Thursday, June 5th, 2014
Borges made her mark at Minster
By Robb Hemmelgarn
Jodi Borges hasn't heaved a shot put or spun a discus at the high school level for more than 15 years, but her name and records have withstood the test of time since she left Minster in 1998, where she established herself as the best thrower to ever work her way through the school's storied track and field program.
As a freshman in 1995, Borges debuted for a program that hadn't produced a state champion in shot or discus in nearly 20 years, but she was determined to change that over the next four seasons. She went on to capture the Midwest Athletic Conference title in the discus that season with a throw of 117-feet, an accomplishment which was a sample of what was in store for her competition for the next three seasons.
"I think winning the MAC as a freshman was a big accomplishment," Borges explained. "It was definitely something that was a goal at the beginning of the year, but to actually obtain it was kind of shocking. It definitely made me want to retain that title in the future."
As a sophomore, Borges duplicated her league crown in the discus and, for good measure, added the shot put medal to it as well. Although the MAC titles were great, her sights were fixed on bigger things after that, and she wanted to expand the family trophy case which her older brothers Tony, Don, and Ron had filled with shot and discus awards following outstanding careers of their own.
"It definitely felt good to retain that title and add the discus title to it as well," she pointed out. "My brothers certainly had a huge impact on my throwing career, especially my brother Don. He helped me so much with coaching, guidance, and encouragement, aspects of the sport that went above and beyond what would be expected from a brother."
In 1997, Borges grabbed MAC titles in both events yet again, and for the first time in her career, made a splash at the state track and field meet where she garnered the top spot in the shot put with a throw of 41-10 ¾, becoming the first Wildcat female to ever win the event as well as the first to do it in from the MAC since Bev Obringer from Marion Local accomplished the feat in back-to-back seasons in 1983 and 1984. She also placed fourth in the discus in Columbus.
"It was an amazing feeling to win state my junior year," Borges said. "It was definitely more intimidating with the competition being so much stiffer and the event in Columbus on such a grander scale. The MAC titles felt great before that, but winning a state title was amazing."
As a senior, Borges continued to eclipse the school records that she had established for herself previously throughout her career and shut down her career with a bang. By the time the spring of 1998 rolled into the early summer, Borges owned the school mark in both events and also picked up her third straight MAC trophy in the shot, making it a clean sweep of the league's discus title with her fourth gold medal. She also went on to claim the Division III shot put title for the second year in a row at the state meet in Columbus.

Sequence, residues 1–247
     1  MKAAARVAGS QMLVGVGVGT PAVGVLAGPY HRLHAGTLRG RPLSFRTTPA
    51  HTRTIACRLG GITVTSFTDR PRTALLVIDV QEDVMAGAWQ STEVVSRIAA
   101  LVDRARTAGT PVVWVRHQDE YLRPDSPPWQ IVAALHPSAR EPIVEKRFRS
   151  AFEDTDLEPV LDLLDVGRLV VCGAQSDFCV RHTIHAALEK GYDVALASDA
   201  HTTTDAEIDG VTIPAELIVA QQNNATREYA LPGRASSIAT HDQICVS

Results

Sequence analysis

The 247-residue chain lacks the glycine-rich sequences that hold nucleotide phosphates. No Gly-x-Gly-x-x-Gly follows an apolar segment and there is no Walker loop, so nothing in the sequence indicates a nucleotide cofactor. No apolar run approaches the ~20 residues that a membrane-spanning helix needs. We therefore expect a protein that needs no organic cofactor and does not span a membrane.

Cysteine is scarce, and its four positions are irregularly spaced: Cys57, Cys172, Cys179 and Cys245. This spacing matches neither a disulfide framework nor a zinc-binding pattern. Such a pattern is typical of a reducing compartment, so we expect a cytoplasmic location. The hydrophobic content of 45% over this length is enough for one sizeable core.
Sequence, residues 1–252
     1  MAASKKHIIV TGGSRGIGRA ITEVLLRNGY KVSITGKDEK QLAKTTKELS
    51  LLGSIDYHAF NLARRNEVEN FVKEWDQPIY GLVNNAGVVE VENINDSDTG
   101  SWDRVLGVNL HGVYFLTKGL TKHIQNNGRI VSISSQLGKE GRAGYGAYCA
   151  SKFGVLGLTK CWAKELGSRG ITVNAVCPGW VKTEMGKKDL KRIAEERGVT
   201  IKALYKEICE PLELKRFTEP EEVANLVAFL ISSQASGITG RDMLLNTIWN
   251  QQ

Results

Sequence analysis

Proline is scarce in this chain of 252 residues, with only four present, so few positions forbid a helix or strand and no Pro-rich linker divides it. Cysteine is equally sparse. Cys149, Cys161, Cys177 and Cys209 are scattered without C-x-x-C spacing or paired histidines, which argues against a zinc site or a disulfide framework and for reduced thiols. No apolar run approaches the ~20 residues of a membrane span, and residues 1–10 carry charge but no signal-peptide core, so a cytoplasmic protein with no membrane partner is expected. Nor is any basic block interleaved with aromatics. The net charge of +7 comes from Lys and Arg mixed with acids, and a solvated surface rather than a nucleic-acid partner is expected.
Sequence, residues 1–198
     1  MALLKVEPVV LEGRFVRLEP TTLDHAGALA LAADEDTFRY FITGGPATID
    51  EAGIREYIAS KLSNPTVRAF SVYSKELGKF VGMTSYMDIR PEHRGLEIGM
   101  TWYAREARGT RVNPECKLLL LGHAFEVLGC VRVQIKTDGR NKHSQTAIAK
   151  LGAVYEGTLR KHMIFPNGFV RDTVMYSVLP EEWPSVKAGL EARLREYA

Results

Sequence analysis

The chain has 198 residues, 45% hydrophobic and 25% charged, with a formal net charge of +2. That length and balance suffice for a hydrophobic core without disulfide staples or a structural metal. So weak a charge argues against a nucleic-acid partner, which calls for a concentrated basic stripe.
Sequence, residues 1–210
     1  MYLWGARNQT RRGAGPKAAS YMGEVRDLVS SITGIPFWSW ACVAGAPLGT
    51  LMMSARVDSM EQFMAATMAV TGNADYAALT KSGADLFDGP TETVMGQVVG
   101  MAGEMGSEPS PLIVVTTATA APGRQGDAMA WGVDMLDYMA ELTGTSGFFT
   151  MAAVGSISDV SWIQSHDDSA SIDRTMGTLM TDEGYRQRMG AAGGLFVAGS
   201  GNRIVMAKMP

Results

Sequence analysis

"It was hard knowing that my career in Minster was over," Borges admitted. "It is such a great community that has given me so much support over the years. However, I knew there was more to experience in college and I knew the Minster community would be behind me the whole way."
Although her career at Minster was in the rearview mirror, Borges' knack for first-place finishes and breaking records wasn't. She headed to the University of Dayton, where her impact was felt immediately when she was named the Atlantic 10 Rookie of the Year in 1999 - the same season she won her first of four A-10 outdoor shot put titles from 1999-2002. She was also a two-time winner of the league's outdoor discus crown and a three-time A-10 champion in the indoor shot put. She also placed third as a freshman in the junior nationals. At the end of her career, she was just six inches shy of qualifying for the Olympic Trials. Today, she still holds both the indoor and outdoor shot put record at the university.
"I received quite a few letters and phone calls from various colleges like Bowling Green and Ohio State, but I loved the coaching staff and the UD community couldn't be beat," Borges remarked. "The biggest difference between throwing in high school and in college that I noticed was the weight training and throwing 12 months out of the year, instead of three or four months. It was quite an adjustment, but I was ready for it and had a lot of fun through my career."
Borges no longer competes in the concrete circles but still catches a handful of track and field meets in Minster, where her brother Don is the junior high head coach. Although she has no plans to coach in the near future, she won't discredit the possibility.
"Nowadays I am a registered nurse in the operating room at Wilson Memorial Hospital. I catch a few meets when I can and have been asked to coach, but my schedule was always so crazy. I definitely wouldn't count it out in the future though," she explained. "Being an athlete has opened so many doors for me in so many ways. It has helped me with connections, confidence, and furthering my career, so I would love to give back to the sport that has given me so much over the years."